It is not the most appropriate place to admit why I don't like Ruby, is it? ;-) Basically, my initial acquaintance with dynamically typed languages started in 1998 and that was Python. I can not say I did not know or did not try this before, but it was Python with which I experienced that nothing stays between me and computer in expressing my ideas. It is probably personal, but I found ideal toolset, and I suddenly realized that it was not me too picky or to dumb to not master MFC, say, but when compared with Tk, especially it modern Tkinter Python bidnings it is just silly to spend your time with inferior tools, when perfect toolset is there. And it still holds about almost everything - GUI, network programming, modelling of complex algorithmic stuff (Python a bit slow to run computationally extensive stuff, but to model in Python and recode parts in C/C++ is much faster), IPC - whatever.

Ruby on one hand is too similar to Python - they are actually converging, stealing features from each other, on the other hand it is too eclectic, not many rationale for some things, too many borrowing of dubious ideas from Perl. Libraries are much more extensive still for Python, all this networking, XML processing, numeric stuff etc. is piece of cake thanks to them.

Start/stop of processes is not so easy, especially if you want cross platform code, but this is not because of Python, but because processing models are pretty different for Windows and UNIX. I participated in writing job dispatcher (in Python ;-) for computer cluster, I faced with this. IPC through TCP is easy. REST - you better don't bother with HTTP/XML stuff, it is simple enough to use sockets.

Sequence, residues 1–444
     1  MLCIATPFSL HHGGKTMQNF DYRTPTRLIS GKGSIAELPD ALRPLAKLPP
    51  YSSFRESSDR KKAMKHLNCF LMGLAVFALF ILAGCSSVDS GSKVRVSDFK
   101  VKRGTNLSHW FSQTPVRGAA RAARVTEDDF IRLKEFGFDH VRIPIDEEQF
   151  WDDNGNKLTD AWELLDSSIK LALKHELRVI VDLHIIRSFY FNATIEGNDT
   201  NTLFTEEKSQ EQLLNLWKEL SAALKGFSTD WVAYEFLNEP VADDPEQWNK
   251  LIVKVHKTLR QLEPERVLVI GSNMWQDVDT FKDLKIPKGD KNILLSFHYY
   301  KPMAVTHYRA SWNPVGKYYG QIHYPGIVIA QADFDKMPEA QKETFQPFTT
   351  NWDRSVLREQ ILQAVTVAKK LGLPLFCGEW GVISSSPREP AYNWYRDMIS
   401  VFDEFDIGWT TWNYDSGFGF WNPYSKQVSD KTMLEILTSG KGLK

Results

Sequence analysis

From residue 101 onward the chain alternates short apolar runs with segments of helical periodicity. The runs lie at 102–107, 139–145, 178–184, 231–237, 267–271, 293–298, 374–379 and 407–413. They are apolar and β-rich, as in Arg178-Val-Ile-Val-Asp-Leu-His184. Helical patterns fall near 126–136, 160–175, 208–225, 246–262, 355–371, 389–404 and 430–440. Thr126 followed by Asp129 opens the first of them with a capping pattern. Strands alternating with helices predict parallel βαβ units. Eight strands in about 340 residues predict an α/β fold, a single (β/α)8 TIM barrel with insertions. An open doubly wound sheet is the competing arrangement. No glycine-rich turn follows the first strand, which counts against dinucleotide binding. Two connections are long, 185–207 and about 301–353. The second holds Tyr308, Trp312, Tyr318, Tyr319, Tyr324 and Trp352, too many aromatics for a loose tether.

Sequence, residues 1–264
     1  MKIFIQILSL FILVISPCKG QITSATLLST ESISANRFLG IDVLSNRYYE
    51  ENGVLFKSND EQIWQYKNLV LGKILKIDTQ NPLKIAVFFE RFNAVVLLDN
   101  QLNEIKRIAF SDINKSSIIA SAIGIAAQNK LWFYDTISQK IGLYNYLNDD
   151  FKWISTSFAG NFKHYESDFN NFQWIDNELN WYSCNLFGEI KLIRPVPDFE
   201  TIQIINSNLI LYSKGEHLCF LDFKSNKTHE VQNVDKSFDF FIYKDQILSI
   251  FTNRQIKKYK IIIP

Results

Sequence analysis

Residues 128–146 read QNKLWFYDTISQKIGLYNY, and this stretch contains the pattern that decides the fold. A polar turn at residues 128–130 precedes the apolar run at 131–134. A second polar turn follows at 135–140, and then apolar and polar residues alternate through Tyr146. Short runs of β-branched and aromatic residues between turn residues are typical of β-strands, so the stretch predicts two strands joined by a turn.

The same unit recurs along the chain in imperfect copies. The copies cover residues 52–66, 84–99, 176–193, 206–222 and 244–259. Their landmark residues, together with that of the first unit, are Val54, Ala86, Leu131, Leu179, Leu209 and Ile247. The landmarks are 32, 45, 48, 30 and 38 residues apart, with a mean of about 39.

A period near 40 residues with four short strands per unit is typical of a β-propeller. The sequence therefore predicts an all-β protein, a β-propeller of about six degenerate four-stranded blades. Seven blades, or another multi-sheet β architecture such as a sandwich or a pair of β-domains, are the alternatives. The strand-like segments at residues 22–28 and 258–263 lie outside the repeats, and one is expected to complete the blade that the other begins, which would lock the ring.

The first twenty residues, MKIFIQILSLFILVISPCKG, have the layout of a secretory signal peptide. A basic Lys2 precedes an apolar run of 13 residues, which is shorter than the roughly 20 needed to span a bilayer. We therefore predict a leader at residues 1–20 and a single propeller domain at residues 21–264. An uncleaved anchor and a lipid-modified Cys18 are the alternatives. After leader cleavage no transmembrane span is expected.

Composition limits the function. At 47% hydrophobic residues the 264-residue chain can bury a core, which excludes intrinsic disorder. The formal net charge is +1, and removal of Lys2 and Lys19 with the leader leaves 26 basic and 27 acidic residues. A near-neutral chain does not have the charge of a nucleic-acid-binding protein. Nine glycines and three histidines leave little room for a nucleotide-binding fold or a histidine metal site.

Btw, in simple words, what's so cool about REST? Am I missing something?
Dragon is the official source of information regarding all aspects of the Dungeons & Dragons hobby and provides D&D players with the tools, utilities, and excitement they need to raise the level of their play experience.
I haven't run any tests, but I can give you my intuition. My intuition is that by using GServer, you're not actually implementing a correct HTTP server. In particular, I'm not sure your server actually reads from the io object anywhere. That could cause problems for an HTTP client that expects to have its output eaten by something. Firefox & other clients may be more accepting about strange behavior like that. In any case, try reading from the io object, or subclassing a real HTTP server (which will read the HTTP request), or something similar to that. No promises that this will work, but it sounds like the problem to me.
Good, I'm glad someone more knowledgeable than I was able to help. Enjoy your project!